When one looks at the history of major labels, it’s always amazing to see the existence of some bands and artists that disappeared into the ether without even really being known about in the first place. We’re not talking about your obscure local band or musician, we’re talking about people signed to labels wooden international reputation and millions and millions of dollars in their coffers. Adding to the frustration about the obscurity about many of these artists is the fact that so many of them were clearly talented and deserved to be heard. Dan Loves Patti is one such record.
You are forgiven if you’ve never heard of Yum-Yum, or of its leader, Chris Holmes. The “band” came about after a friend who worked for Atlantic Records heard a demo tape Holmes had put together of his recent recordings and encouraged him to develop it. With a quick recording contract thrown together, Holmes and friends began to work on an orchestra pop record that was equally indebted to the sunny sound of bubblegum pop from the late 60s and early 70s to the more modern alternative rock sound, filtered through the Progressive Rock of the late 1970s.
Though that description may sound slightly hyperbolic, it really isn’t. Just take a listen to the opening track, “I’m Not Telling.” With the Mellotron coming straight out of “Strawberry Fields Forever,” a Baroque string section, and Holmes’ melancholic Alex Chilton-like vocals, it sounds like almost nothing else being made at the time ,while sounding oddly familiar. It is a sad song beautifully sung and arranged, and set the tone for the record, one that Holmes states was meant to be an homage to the great break up records of the past. Aside from his own personal issues at the time, the concept was partially fueled by the acoustic guitar featured on the cover, a vintage piece he bought used that had the phrase “Dan Loves…” followed by a list of scratched out women’s names. That melancholy mood was explored further on beautifully arranged songs such as “Cross My Heart,” “Jealous Of The Stars,” and “Words Will Fail,” all of which are served well with a glass of whiskey and a broken heart.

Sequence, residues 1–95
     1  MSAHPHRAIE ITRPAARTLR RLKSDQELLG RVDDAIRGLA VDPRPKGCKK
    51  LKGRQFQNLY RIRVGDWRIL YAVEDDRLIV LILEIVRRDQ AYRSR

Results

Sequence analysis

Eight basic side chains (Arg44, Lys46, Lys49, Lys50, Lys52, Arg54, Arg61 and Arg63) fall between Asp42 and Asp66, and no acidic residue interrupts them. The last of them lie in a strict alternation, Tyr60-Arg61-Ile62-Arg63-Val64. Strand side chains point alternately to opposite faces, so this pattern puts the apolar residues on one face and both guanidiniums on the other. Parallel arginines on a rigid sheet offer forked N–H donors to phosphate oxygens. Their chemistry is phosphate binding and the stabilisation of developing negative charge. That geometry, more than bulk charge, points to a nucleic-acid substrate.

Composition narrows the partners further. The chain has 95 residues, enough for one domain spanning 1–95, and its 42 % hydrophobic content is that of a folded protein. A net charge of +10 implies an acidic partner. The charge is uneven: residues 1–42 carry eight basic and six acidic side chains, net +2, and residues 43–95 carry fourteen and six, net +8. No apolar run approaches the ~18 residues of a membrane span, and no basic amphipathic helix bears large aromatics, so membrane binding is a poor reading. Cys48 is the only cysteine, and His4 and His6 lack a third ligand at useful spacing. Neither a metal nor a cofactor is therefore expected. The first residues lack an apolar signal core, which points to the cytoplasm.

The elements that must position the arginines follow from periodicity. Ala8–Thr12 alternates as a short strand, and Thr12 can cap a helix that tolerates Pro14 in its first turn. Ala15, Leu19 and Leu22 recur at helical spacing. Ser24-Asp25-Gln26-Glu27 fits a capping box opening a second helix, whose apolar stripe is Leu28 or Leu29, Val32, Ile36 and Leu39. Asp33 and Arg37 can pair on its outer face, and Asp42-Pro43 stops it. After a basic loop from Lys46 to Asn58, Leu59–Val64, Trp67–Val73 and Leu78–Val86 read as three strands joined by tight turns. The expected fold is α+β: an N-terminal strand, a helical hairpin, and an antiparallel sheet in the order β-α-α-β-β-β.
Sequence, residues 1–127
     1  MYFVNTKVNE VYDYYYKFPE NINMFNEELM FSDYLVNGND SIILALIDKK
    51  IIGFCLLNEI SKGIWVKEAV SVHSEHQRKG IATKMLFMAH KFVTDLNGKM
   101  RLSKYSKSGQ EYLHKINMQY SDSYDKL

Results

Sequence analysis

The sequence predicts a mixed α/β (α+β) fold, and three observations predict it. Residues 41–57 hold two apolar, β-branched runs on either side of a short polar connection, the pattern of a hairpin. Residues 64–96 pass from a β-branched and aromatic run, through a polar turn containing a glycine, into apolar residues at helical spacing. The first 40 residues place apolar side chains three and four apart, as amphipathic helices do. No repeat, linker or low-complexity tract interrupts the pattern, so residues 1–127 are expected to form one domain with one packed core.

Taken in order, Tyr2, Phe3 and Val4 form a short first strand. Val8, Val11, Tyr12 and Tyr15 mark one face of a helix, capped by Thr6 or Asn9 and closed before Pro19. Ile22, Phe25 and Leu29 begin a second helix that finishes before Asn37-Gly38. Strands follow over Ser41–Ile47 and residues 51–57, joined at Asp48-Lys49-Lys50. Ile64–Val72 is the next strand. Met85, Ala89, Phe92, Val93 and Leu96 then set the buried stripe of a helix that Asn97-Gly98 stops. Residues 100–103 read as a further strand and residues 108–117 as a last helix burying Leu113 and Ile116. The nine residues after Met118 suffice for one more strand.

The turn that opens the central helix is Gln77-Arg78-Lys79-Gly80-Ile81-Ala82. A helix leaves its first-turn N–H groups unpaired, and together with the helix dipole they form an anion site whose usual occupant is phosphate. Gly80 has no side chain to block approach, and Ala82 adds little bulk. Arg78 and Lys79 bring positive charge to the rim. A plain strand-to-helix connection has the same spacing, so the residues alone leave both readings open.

Thankfully, Dan Loves Patti wasn’t all misery and soppy strings. “Doot-Doot” (sadly NOT the Freur hit of the same name, though Holmes could have covered it quite easily and it would’ve fit the vibe) is an up-tempo quirky New Wave rocker that sounds exactly like The Rentals, “Apiary” is a heavy alternative rocker, while “Sister” is a fast-paced space rock number that sounds like Holmes’ main project at the time, Sabalon Glitz, with just a hint of Stereolab. Atlantic chose those first two songs as singles, and while they may not be totally representative of the vibe of Dan Loves Patti, they are certainly commercial minded and you could have easily slipped them on to alternative radio programming lists at the time.
It isn’t surprising that Dan Loves Patti wasn’t a commercial success, though it did meet with critical acclaim, so much so that Holmes put together a live band. Equally surprising is that Atlantic felt confident enough about Yum-Yum to offer Holmes the chance to make a second record. (This reissue offers a half dozen superb demos, but it’s not clear whether or not they were intended for the second album.) Unfortunately, that second album never came to pass, due to internal label changes. Holmes quietly retired the name and moved on to other things, most notably becoming a DJ whose most famous gig has been playing and programming the music before Sir Paul McCartney performances.
Although it’s sad that Yum-Yum almost instantly faded into obscurity, Dan Loves Patti’s destiny of becoming a rediscovered lost classic a generation later serves it well. It didn’t sound like anything of its time then, and two decades later it still doesn’t sound quite like anything else.